Cookie as big as my head? Don’t mind if I do!
Then, we were off again, and before I knew it, it was back to the glorious coast. At one point we walked through a patch of coast that smelled awful — garbage-like and just rank, when one of the walkers ahead of us said we were nearing a sea lion colony. Sure enough, we came down a hill to see a big rock formation covered in velvety sea lions, barking and frolicking in the water. It was so cool! We ended up meeting my parents along the route shortly after, and it was super fun to see them and get hugs and support at mile 15.
The Double Chin Diary in front of Sea Lion rock!
It was shortly after we met up with my parents that I encountered my first big hurdle: an exploding blister. Now, I’ve had plenty of blisters in my adult life. However, the experience of a blister exploding from the sheer weight of all your body, on the fleshy pad of your foot, at mile 16? Totally new and not so awesome experience. At first I didn’t know what it was, other than the fact that my foot suddenly had this searing pain ripping through it. Then as my sock felt squishy, I realized with horror that my giant foot pad blister had popped. GROSS! I ripped off my sock with the enthusiasm of a kid at Christmas, both grossed out and fascinated, and confirmed that sure enough, my blister had called it quits. I decided I’d flag down a sweep van (the 3-Day has nifty themed vans that drive the route to pick up anyone who’s tired, not feeling well, or just wants a break). I hobbled along tentatively, until I got a second wind. Blister? Who cares! That attitude served me well for two more miles, until the broken skin started to feel raw. This was around mile 17, so I took a van for another mile and waited at the pit stop for my sister and Monique to arrive.
The kind medical volunteers tending to my nasty Texas sized blister. (Don’t worry, you can’t see it here. I’d like to keep some of my readers!)
Once they showed up, we got more Gatorade and continued our trek. It was dusk and those last few miles were feeling like they would never end, and we were teased along the way by chalk notes on the sidewalk of what the Garmin miles were. Toward the end we saw a Garmin 22 mile mark, so I decided right then and there that despite my quick van ride, I had very much walked 20 miles that day! Finally, we walked into camp — exhausted and stinky, and very much wanting to SIT and never move, ever again. We got dinner, enjoyed the plushy bean bags, massage chairs, trail mix bar, and snacks, and then collected our camp mail. Camp mail is an awesome invention where your loved ones can send you snail mail to pick up during your 60 mile journey. After our relaxation time, we watched an amazing show in the giant dining tent, where we got to hear from moving speakers and hear updates about the day on the route and the next day to come.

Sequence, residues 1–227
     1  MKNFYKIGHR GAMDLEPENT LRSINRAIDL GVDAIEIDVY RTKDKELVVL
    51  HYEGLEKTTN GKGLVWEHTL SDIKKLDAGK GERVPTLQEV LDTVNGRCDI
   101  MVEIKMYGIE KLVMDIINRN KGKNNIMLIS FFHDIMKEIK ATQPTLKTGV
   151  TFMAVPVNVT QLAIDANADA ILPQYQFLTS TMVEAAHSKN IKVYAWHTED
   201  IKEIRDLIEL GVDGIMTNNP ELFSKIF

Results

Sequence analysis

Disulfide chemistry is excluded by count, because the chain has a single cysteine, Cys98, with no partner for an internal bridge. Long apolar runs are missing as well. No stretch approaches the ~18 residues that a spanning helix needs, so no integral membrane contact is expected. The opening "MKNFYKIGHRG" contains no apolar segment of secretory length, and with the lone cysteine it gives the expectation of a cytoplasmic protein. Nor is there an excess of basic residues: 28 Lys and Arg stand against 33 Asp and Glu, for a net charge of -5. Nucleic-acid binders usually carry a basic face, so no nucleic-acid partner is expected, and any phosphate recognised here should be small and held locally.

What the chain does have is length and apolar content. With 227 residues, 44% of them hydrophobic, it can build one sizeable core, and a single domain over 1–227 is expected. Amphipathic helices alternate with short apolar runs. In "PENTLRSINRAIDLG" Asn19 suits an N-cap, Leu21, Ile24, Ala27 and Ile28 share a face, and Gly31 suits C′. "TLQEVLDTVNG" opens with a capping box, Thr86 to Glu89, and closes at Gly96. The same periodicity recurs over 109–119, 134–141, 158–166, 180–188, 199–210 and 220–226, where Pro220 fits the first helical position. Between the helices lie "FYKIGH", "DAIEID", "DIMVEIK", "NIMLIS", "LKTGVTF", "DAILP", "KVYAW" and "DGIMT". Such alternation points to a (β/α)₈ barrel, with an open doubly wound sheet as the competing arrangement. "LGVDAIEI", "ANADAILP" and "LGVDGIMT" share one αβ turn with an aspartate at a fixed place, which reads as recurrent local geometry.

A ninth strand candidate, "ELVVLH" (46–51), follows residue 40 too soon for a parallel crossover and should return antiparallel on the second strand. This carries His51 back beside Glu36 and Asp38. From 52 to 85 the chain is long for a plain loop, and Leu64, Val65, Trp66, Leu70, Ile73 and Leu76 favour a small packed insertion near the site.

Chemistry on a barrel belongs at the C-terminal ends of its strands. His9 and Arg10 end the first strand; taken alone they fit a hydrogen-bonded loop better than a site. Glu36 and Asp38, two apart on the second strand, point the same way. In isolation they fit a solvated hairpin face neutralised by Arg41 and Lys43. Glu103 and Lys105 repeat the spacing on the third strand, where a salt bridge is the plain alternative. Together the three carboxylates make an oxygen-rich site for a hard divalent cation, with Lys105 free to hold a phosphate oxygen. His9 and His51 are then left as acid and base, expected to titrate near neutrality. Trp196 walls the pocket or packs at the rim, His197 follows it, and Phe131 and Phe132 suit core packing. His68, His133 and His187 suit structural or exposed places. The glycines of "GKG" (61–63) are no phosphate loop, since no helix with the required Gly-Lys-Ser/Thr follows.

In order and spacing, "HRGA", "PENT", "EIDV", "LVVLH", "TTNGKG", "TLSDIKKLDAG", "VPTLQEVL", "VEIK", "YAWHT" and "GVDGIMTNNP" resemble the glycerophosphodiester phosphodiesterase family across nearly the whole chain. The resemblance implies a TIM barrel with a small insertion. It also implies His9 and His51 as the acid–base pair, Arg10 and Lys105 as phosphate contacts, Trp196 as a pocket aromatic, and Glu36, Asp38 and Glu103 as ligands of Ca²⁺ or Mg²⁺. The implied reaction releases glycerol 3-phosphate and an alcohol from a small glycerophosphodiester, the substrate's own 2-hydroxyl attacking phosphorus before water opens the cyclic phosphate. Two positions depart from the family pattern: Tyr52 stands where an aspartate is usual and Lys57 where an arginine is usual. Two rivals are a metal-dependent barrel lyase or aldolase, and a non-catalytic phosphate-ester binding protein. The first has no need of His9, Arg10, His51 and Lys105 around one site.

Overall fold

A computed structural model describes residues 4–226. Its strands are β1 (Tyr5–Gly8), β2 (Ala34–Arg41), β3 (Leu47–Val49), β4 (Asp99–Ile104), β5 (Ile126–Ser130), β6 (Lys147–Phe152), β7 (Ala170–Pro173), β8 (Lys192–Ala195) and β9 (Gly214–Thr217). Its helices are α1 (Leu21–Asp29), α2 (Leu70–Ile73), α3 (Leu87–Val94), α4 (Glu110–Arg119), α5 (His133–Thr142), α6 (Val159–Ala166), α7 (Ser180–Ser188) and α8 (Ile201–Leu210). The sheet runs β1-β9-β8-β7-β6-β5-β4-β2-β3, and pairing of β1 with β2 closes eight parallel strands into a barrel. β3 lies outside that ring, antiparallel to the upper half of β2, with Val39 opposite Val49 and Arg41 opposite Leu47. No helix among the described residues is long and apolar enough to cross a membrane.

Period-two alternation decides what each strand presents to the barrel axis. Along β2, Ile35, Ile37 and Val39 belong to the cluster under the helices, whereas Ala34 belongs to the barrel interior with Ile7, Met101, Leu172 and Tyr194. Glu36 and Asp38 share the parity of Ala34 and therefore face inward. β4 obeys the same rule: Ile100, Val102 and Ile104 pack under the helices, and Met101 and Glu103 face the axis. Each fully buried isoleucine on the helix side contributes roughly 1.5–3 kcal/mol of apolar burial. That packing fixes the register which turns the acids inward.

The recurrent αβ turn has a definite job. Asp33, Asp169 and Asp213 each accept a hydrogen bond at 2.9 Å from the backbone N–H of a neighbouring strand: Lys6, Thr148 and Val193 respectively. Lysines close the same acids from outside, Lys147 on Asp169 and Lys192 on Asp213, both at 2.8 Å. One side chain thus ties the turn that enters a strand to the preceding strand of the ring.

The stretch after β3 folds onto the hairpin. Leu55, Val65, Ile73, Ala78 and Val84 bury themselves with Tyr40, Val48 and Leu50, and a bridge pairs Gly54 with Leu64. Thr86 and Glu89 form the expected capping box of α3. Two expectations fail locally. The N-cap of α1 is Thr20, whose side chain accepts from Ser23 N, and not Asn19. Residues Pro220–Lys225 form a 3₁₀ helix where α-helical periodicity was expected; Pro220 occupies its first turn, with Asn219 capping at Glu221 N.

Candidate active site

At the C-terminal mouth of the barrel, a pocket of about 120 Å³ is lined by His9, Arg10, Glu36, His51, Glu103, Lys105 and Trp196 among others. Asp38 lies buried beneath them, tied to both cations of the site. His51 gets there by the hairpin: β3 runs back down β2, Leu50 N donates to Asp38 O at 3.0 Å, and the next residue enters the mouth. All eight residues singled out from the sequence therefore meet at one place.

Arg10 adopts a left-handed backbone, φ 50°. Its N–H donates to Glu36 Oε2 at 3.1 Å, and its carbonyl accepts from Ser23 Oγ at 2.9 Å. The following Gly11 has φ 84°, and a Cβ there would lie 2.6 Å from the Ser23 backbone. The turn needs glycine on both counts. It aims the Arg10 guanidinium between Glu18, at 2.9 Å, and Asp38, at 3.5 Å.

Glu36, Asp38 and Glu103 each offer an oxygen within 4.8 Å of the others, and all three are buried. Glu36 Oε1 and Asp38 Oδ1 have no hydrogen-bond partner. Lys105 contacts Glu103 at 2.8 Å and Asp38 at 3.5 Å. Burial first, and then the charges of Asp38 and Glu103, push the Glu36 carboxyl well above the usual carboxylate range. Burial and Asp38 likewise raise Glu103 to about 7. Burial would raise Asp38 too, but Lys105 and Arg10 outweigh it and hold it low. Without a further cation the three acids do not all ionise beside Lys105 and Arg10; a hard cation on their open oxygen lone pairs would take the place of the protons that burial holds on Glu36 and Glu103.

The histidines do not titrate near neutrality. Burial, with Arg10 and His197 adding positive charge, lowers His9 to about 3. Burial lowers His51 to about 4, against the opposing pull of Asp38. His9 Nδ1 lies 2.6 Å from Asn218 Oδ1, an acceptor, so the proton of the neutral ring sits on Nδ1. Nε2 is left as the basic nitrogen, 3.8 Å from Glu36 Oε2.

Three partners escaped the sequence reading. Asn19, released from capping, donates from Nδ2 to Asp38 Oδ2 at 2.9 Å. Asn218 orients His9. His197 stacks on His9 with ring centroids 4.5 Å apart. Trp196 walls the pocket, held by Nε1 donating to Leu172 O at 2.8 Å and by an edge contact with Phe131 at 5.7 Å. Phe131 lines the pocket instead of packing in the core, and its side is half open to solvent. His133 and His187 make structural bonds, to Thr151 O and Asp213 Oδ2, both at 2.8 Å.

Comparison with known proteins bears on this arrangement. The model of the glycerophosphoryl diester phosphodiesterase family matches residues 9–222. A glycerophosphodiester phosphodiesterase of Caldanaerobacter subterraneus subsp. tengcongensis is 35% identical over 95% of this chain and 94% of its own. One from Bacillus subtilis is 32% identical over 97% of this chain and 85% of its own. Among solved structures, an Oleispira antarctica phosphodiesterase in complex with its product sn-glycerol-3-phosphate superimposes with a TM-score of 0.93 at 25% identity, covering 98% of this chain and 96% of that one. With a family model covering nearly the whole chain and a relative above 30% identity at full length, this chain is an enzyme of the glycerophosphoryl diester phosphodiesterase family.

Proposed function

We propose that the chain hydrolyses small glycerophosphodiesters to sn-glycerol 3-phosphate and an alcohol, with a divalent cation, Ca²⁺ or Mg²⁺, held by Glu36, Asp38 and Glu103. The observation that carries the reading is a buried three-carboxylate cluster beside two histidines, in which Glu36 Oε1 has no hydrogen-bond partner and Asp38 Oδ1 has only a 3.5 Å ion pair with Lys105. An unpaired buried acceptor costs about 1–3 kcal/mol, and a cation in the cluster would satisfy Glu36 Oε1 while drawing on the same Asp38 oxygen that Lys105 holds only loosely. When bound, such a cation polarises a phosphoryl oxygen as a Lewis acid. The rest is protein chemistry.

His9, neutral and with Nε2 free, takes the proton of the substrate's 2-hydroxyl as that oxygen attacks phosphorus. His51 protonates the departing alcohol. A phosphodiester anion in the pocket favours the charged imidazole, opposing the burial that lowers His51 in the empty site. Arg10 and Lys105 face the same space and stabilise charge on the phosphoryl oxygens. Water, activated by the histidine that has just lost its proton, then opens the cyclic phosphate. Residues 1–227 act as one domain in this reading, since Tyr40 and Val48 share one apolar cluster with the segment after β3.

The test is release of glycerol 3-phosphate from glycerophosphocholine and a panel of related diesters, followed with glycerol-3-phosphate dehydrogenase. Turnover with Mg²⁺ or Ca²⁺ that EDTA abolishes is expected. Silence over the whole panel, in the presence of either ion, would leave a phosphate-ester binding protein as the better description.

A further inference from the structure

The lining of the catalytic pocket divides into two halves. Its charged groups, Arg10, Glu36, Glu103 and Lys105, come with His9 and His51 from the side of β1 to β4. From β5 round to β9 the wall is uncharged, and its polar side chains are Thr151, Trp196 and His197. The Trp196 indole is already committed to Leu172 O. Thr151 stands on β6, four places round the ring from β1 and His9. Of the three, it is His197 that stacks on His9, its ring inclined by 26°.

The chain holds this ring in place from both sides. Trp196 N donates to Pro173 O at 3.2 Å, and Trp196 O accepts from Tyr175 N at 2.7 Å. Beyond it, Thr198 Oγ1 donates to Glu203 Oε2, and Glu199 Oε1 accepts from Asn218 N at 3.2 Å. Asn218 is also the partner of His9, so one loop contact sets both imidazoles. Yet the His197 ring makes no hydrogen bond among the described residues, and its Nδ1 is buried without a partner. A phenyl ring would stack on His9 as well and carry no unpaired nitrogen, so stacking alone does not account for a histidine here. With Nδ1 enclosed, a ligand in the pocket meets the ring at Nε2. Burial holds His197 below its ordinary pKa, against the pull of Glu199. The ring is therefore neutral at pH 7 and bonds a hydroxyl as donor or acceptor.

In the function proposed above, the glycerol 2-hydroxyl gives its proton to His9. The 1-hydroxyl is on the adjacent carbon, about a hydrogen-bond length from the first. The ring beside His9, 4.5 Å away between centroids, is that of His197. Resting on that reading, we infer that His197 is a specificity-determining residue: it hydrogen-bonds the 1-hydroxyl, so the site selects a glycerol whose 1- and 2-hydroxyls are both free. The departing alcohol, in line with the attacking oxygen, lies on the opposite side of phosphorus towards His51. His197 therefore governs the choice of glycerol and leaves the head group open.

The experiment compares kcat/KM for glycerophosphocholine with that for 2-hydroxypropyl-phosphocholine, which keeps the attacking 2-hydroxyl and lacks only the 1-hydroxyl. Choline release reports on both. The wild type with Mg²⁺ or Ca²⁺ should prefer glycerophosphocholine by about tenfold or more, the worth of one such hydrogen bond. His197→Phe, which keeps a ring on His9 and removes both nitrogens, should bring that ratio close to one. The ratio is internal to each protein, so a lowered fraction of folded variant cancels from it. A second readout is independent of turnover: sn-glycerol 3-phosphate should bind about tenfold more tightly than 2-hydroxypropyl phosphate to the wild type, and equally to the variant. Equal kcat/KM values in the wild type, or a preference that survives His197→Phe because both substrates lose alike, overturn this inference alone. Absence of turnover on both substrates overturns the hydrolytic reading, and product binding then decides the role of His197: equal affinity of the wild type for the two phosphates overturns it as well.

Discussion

Even though at this point I was too exhausted to process anything more than “Macaroni and cheese. Hungry. Tired. Stink. Sleep,” I was able to process the fact that this girl had damn near walked 20 miles in one day. 20 frickin’ miles. That’s no small beans. That’s no laughing matter. That’s a HUGE, GINORMOUS, MASSIVE, LONG distance to walk. That’s only 6.2 less than a marathon, and granted, I wasn’t running (if you see me running, you better run too, ‘cuz something’s chasing me), but ain’t no thang. I walked 20 miles. That’s a lot.
I went to bed that night thinking about some of the things people had sent to me in so many wonderful cards, letters, and notes. Things like, “When it gets hard, remember… your body can do amazing things. Your legs are strong, your hips are flexing, and your heart will carry through.” Or, “Thank you for walking, thank you for making a difference, thank you for being my friend.” Or, “You inspire me every day to love myself just as I am.” With sentiments like that, how could I not close my teary eyes and glow with gratitude?
I drifted into a deep sleep, heart full of the amazing things I had seen and felt that day. Vibrant. Alive. Proud. Thankful. These feelings carry you far and wide, as beautiful and inspiring as the rainbow, as vivid and real as the blister, as simple and profound as the smile of a survivor cheering from the sidelines. These things were Day 1 of the 3-Day.